Life, Earth and Space
Feb. 12, 2019—Even if animals have ulterior motives for teaming up, they teach humans a lot about love, says Vanderbilt University animal biologist Patrick Abbot.
Jan. 30, 2019—What is more daring—camping in a remote part of Antarctica for a month doing field research, or directing and performing in a musical revue about the environment? For Earth and Environmental Sciences major Andrew Grant, pushing boundaries to positively impact the Earth, and the people who call it home, are equally thrilling.
Jan. 22, 2019—A curriculum directed by biologists Seth and Sarah Bordenstein is responsible for helping countless thousands of college students, schoolkids and citizen scientists worldwide contribute to research on microbes using cutting-edge technology.
Dec. 10, 2018—PHENIX publishes new particle-flow measurements to support their case that tiny projectiles create specks of quark-gluon plasma.
Nov. 8, 2018—Evolutionary biologists decoded the genomes of nearly a third of known budding yeast species, allowing them to reconstruct an ancient parent’s metabolic characteristics.
Oct. 31, 2018—Far from being a weak-willed sap easily paralyzed by the emerald jewel wasp’s sting to the brain, the cockroach can deliver a stunning karate kick that saves its life, biologist Ken Catania has found.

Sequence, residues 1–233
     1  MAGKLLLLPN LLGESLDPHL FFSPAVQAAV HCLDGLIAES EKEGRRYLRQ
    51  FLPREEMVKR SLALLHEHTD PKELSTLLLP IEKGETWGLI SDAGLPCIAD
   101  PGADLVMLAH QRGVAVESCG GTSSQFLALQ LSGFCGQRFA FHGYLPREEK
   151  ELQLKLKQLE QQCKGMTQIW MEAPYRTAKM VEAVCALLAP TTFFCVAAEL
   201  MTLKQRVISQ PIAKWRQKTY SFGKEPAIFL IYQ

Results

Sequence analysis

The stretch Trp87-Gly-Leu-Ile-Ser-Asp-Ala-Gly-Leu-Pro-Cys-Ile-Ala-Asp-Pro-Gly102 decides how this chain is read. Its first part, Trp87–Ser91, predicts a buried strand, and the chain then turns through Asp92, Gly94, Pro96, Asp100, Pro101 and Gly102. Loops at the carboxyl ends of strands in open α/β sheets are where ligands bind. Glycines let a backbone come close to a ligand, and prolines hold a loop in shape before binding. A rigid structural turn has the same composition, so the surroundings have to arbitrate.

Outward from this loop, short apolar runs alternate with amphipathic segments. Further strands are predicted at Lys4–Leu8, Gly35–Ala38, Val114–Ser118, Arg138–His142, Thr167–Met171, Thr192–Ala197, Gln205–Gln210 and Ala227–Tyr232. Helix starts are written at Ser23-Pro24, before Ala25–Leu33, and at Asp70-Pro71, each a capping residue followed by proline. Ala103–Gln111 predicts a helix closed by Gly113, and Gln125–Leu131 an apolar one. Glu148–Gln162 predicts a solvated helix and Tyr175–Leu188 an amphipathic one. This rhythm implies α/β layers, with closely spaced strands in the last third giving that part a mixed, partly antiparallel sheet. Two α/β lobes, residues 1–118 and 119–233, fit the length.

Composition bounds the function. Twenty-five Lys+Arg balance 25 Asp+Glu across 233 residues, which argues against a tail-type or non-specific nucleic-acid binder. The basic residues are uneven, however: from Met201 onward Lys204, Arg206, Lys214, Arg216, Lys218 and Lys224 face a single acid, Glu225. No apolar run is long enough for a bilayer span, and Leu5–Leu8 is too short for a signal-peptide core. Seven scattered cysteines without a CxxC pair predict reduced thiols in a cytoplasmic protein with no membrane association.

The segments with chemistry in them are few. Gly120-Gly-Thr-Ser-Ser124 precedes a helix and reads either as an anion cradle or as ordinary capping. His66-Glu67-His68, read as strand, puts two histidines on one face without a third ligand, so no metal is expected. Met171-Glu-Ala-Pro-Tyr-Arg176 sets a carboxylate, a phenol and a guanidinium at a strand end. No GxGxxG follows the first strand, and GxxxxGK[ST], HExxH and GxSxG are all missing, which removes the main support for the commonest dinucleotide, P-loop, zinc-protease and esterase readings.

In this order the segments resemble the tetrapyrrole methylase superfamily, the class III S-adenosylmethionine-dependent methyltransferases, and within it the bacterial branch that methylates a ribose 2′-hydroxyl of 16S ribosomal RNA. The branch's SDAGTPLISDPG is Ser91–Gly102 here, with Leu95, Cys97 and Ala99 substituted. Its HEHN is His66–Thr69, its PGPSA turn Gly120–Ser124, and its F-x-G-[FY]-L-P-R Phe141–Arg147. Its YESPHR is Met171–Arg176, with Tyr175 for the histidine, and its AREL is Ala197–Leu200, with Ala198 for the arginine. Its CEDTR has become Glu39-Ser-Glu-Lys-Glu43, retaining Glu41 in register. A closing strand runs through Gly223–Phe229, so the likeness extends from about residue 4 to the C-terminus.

Oct. 29, 2018—This work was the foundation for an NSF grant to interrogate how the Rif1 protein controls DNA replication.
Oct. 26, 2018—James Patton and colleagues have demonstrated how colon cancer cells transmit genetic data to other cells.
Oct. 19, 2018—The extinction of one of Australia’s top predators, the marsupial lion, was likely a result of changing weather patterns and loss of habitat rather than human impacts, a study led by Vanderbilt University paleontologist Larisa DeSantis has found.
Oct. 11, 2018—After studying layers of pumice, measuring the amount of crystals in the samples and using thermodynamic models, the team determined magma moved closer to the surface with each successive eruption.
Sep. 17, 2018—Ediacara biota were forming complex communities tens of millions of years before the Cambrian explosion.
Aug. 22, 2018—Paleontologist Larisa DeSantis' latest research confirms that the shape of tooth wear best indicates the kind of food koalas and kangaroos ate, not whether it was covered in dust and dirt.